Wednesday, Dec 6, 2017
Migrant worker wins lawsuit
By Natalie Drolet, West Coast Domestic Workers
n Friday, November 24th, the BC Employment Standards Branch determined that a third party recruiter of migrant workers violated the Employment Standards Act and therefore owes one individual thousands of dollars.
Overseas Career and Consulting Services Ltd., a licensed employment agency, and Overseas Immigration Services Inc. are now required to pay Mohammad Hassan Mohammad Shafy $8,721.91. Both were involved in a similar case involving migrant workers who paid thousands to work at BC Mac’s Convenience Store, with the courts recently approving a class-action suit against the store.
It is illegal to charge people money for finding a job in BC. Yet, recruiters routinely charge Temporary Foreign Workers thousands of dollars in illegal recruitment fees for jobs in BC that are often different than promised or do not exist at all. In Mr. Shafy’s case, the job did not exist once he arrived in BC.
Mr. Shafy made the complaint under section 10 of the Employment Standards Act, claiming that he paid the company a fee while he was still in his country of origin, Sri Lanka, to secure him employment in BC.
In Dubai, in 2013, Shafy met with the Director of the employment agency and paid him $3,000 to secure a job at a farm through Canada's Temporary Foreign Worker Program.
Upon gaining clearance to work in Canada, Mr. Shafy paid the Director another $5,863.54. and then a subsequent $1,682.00. Mr. Shafy then arrived in Canada in February of this year only to find out over the next two months that he did not have the job he was initially promised.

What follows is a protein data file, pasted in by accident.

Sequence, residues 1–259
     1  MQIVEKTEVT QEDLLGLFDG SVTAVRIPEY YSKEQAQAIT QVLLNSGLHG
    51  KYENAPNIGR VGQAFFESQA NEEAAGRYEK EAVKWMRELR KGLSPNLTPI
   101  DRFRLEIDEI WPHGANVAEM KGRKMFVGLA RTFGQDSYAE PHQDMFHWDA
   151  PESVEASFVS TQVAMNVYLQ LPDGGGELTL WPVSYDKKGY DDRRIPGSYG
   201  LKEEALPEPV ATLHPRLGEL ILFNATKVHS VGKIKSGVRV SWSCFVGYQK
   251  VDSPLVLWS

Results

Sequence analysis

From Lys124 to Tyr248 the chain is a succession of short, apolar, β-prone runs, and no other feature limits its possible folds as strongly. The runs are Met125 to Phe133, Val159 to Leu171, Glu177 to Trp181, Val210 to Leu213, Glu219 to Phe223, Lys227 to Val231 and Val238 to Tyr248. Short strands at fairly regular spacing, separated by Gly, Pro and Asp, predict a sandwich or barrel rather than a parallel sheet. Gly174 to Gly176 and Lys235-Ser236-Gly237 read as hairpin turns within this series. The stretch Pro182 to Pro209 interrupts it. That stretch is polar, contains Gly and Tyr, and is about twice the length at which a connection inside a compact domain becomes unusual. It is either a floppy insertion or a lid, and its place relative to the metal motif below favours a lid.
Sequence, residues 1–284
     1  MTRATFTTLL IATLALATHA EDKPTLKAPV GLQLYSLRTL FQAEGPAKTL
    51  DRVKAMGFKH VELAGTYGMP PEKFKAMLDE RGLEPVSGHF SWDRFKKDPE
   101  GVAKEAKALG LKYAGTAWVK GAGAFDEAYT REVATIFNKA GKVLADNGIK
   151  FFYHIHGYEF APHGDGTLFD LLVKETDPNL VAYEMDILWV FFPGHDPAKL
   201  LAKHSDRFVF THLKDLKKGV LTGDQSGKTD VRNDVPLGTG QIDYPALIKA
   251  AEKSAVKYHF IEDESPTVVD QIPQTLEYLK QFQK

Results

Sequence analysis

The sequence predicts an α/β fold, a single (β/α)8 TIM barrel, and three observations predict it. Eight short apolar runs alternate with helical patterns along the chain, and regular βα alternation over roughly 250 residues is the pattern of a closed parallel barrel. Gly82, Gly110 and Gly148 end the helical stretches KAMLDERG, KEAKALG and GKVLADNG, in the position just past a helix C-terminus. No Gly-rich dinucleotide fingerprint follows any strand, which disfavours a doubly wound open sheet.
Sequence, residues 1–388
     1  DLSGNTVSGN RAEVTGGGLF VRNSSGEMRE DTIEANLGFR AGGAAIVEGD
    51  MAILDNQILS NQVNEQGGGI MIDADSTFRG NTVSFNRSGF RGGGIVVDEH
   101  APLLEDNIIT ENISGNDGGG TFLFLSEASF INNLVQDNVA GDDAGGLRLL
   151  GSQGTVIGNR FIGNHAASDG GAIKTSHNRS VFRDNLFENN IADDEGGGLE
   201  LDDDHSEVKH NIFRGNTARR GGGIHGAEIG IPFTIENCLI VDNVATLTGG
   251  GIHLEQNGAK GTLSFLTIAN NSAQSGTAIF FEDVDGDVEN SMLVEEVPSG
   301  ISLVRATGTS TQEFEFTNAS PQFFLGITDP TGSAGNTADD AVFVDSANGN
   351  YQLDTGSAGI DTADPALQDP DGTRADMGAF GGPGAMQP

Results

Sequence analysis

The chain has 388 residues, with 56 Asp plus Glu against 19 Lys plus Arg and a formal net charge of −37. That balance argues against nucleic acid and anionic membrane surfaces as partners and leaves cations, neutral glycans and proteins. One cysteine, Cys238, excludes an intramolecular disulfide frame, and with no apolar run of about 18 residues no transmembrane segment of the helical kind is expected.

“I felt really bad and I couldn’t eat for two days when I found out,” says Mr. Shafy. “I couldn’t tell my mother and my family.”
In total, including his plane ticket, Mr. Shafy spent between $11,000 and $12,000. And like many other migrant workers, he went into debt in order to pay the fee. “I gave my house to someone and he gave me 11,000,” says Mr. Shafy.
The Determination by the Employment Standards that Mr. Shafy is now owed substantial compensation is therefore a welcome development. And it’s one that the Rising Up Against Unjust Recruitment campaign is hoping to see more of in the future.
The campaign calls on the BC government to take urgent steps to stop the abuse of Temporary Foreign Workers in our province. In particular, BC must take steps to stop recruiters and employers from charging unlawful fees and to help workers to recover these fees more easily. Six other provinces have implemented legislation to better protect migrant workers, including enhanced regulation of recruiters and proactive enforcement. The campaign calls on the provincial government to enact new legislation to protect temporary foreign workers, like require that recruiters of temporary foreign workers be licensed in BC and pay a financial security at the time of licensing; implement a proactive enforcement regime; and provide access to information and advocacy.
For more information and background, please visit here.